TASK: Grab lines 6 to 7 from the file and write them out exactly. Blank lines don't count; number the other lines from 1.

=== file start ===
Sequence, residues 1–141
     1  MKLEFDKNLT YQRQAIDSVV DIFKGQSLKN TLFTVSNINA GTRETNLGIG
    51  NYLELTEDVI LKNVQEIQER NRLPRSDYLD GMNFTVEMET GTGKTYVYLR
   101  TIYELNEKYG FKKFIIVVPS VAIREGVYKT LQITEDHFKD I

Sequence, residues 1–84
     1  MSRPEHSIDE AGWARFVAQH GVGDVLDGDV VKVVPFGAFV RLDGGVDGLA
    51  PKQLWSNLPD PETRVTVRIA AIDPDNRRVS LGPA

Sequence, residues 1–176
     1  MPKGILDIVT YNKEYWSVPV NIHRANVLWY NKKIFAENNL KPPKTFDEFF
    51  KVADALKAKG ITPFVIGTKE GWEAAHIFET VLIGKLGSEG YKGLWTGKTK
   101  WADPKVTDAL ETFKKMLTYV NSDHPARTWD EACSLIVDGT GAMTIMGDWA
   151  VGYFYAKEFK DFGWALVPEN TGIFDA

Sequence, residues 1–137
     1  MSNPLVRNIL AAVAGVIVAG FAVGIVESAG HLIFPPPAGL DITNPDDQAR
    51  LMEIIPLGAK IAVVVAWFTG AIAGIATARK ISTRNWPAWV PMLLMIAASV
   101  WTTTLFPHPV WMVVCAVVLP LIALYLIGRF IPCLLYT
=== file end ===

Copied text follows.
     1  MSRPEHSIDE AGWARFVAQH GVGDVLDGDV VKVVPFGAFV RLDGGVDGLA
    51  PKQLWSNLPD PETRVTVRIA AIDPDNRRVS LGPA